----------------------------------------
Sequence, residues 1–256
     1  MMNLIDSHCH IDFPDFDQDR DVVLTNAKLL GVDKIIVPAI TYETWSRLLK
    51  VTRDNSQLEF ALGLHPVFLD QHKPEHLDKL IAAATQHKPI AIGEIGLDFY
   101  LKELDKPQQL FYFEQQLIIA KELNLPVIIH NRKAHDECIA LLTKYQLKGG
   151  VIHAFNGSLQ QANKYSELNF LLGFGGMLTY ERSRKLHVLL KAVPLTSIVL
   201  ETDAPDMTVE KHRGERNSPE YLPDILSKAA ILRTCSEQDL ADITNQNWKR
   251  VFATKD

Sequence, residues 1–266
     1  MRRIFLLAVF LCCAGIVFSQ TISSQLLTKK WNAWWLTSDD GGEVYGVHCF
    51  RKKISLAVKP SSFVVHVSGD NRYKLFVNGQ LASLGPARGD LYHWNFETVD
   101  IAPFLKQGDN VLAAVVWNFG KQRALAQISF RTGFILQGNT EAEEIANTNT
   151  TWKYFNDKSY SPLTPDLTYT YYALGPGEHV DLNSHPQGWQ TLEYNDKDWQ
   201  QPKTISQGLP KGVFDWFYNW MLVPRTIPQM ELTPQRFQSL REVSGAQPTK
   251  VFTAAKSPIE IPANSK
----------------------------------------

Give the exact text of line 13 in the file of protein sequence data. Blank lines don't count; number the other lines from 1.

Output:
   201  QPKTISQGLP KGVFDWFYNW MLVPRTIPQM ELTPQRFQSL REVSGAQPTK